Growth through people

Are there really only 5 dysfunctions of a team?

Patrick Lencioni Lencioni 5 Dysfunctions of a Team

#1: Absence of Trust

Team members are reluctant to be vulnerable with one another, unwilling to admit their mistakes, acknowledge their weaknesses or ask for help.

#2: Fear of Conflict

Without a foundation of trust, debate around key issues is filtered and dispassionate. The likelihood of destructive, back channel sniping increases and decision-making is less effective as true perspectives are stifled.

#3: Lack of Commitment

The lack of clarity, buy-in or healthy debate prevents team members from making decisions they will stick to; Ambiguity, confusion and frustration reign.

#4: Avoidance of Accountability

The need to avoid interpersonal discomfort prevents team members from holding one another accountable, especially if there is no clear and agreed plan of action.

#5: Inattention to Results

When team members do not hold each other accountable individual ego, recognition and personal status becomes more important than collective team results.

Lencioni 5 Dysfunctions of a Team Model

Having worked with – as well as in –  numerous teams over the years, we can certainly identify with Lencioni’s model.

Of particular note is his approach to conflict, which is usually considered a negative within any environment. But, when supported by a strong foundation of trust, it can be extremely positive and productive.

Trust is one of the fundamental requirements for building a strong team. Without trust everyone spends too much time and energy protecting themselves and undermining each other, instead of focusing on their work and the team’s common goal.

It’s also a very simple model, and easy to work through with a team. But there are a few areas critical to team effectiveness that are under‑emphasised in Lencioni’s model.

For example, lack of accountability can also be the result of poorly defined or communicated roles, or working methods are vague or broken.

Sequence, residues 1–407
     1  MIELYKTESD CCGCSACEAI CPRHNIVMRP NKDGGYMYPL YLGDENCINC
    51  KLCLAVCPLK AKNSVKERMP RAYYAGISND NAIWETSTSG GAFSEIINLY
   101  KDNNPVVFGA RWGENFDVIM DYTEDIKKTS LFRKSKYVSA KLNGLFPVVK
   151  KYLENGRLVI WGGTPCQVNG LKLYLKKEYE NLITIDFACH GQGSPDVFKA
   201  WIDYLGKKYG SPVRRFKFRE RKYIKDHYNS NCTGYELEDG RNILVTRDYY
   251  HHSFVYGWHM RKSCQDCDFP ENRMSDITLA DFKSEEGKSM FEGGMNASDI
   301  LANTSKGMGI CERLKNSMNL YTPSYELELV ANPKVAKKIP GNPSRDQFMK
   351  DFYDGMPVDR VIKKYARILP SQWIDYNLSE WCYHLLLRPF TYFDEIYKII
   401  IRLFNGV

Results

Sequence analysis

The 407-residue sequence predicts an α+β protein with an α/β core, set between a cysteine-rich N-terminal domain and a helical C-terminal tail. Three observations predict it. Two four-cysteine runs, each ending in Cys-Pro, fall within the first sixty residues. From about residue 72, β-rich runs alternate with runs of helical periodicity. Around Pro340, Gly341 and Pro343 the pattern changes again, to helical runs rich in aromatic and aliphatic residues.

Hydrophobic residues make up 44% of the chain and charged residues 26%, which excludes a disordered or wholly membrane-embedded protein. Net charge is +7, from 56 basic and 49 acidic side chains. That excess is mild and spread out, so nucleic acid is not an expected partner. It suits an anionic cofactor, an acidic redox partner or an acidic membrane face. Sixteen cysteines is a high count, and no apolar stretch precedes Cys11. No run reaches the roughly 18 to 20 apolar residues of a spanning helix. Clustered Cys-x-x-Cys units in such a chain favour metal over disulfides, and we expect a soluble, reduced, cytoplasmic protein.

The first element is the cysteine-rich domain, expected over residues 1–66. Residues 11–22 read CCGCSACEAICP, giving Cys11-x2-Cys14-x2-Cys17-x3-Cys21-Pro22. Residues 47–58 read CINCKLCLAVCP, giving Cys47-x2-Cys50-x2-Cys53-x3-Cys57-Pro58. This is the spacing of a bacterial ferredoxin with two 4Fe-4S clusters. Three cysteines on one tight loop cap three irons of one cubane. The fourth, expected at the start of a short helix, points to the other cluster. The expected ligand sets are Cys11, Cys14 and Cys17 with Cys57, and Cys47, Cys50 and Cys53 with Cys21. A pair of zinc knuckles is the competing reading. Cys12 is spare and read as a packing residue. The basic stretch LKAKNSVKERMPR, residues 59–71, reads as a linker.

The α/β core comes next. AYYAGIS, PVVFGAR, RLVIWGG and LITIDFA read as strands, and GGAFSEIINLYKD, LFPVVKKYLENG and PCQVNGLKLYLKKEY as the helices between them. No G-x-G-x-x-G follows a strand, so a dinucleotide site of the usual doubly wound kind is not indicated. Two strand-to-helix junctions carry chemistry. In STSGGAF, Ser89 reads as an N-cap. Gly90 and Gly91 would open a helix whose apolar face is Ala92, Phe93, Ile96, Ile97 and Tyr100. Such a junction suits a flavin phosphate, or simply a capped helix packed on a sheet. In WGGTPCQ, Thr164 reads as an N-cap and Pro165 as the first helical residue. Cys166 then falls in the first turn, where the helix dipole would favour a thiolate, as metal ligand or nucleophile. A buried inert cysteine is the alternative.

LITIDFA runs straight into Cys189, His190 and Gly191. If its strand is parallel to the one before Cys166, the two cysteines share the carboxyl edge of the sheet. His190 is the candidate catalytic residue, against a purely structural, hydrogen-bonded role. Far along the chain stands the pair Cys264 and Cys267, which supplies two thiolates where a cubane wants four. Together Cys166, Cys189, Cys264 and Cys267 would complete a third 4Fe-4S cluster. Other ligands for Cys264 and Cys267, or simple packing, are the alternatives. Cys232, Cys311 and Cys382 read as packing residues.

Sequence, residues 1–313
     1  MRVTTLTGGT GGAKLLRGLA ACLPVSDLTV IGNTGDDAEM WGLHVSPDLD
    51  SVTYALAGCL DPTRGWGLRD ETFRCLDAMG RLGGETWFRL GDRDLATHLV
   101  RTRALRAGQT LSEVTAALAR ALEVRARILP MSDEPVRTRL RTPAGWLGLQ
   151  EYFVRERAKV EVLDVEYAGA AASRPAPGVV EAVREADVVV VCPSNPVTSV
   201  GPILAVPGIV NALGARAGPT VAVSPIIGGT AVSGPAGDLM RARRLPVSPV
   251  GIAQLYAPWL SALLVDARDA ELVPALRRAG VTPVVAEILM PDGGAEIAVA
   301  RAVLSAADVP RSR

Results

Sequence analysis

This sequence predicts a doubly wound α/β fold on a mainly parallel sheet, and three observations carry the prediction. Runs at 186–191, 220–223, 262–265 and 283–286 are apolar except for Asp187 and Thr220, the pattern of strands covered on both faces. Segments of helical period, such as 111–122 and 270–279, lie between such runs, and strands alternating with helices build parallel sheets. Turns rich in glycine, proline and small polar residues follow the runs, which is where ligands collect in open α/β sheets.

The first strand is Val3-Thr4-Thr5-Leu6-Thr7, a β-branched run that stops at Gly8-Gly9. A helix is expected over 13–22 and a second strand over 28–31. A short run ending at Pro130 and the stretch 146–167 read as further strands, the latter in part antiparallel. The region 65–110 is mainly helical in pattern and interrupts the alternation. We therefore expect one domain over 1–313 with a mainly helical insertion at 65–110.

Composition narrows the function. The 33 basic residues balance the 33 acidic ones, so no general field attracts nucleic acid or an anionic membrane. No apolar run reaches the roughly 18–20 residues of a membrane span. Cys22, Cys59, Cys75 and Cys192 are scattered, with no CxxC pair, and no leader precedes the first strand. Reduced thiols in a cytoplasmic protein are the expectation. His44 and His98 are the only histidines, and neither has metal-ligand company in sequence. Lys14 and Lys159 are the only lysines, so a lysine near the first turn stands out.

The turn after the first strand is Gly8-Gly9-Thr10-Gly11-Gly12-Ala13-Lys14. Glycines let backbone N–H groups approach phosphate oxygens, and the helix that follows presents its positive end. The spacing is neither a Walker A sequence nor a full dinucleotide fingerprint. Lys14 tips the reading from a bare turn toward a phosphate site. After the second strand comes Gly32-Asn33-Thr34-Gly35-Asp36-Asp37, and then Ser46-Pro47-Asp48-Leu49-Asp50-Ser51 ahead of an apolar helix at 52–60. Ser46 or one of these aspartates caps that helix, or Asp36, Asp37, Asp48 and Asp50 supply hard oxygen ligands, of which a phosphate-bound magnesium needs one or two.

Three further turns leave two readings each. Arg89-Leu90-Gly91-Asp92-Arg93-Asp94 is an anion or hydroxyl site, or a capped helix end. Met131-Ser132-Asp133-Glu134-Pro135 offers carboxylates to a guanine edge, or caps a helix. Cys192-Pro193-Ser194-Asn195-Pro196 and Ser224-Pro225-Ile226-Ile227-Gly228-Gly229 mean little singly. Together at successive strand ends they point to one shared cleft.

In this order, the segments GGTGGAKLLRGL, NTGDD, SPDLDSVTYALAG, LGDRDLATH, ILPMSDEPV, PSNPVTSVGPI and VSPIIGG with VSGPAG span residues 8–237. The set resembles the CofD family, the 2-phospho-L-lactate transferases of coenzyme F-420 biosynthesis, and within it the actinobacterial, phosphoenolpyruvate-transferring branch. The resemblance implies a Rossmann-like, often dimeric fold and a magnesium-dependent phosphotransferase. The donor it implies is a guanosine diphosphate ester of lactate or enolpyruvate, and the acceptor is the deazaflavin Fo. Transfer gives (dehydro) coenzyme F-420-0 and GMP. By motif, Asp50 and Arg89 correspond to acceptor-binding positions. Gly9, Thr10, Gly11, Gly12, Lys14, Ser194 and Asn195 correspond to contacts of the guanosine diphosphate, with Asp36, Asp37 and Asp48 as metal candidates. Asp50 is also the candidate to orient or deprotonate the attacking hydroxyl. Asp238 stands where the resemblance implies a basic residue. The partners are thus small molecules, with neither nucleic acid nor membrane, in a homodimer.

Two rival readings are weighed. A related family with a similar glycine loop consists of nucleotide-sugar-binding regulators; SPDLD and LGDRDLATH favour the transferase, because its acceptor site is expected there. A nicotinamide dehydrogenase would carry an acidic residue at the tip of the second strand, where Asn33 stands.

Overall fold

Process is one of the fundamental requirements all teams, especially important for teams working with other teams. Without clear rules of engagement, how can anyone take accountability for their role?

Without a defined process how can you react quickly to opportunities? Agility in today’s business environment is essential, as is continuous improvement.

If you don’t know how to do it, how can you do it better?

When there is trust, conflict becomes nothing but the pursuit of truth, an attempt to find the best possible answer.

Patric Lencioni

In his Practical Guidelines  for overcoming the 5 Dysfunctions, Lencioni recommends “a personality instrument to help team members understand one another’s different preferences, skills and attitudes, and identify collective strengths and potential blind spots of the team.”

He also adds that this will “accelerate trust by speeding up the process of team members getting to know one another” and help “understand specifically how different team members naturally engage in conflict.”

Insights Discovery is more than just a personality assessment – we really dislike that term! – it’s a complete system of self , team and leadership development.

Insights Discovery Team Effectiveness Pillars
Team Effectiveness Dysfunctions


  1. Lencioni, P. (2002). The five dysfunctions of a team: A leadership fable. San Francisco: Jossey-Bass.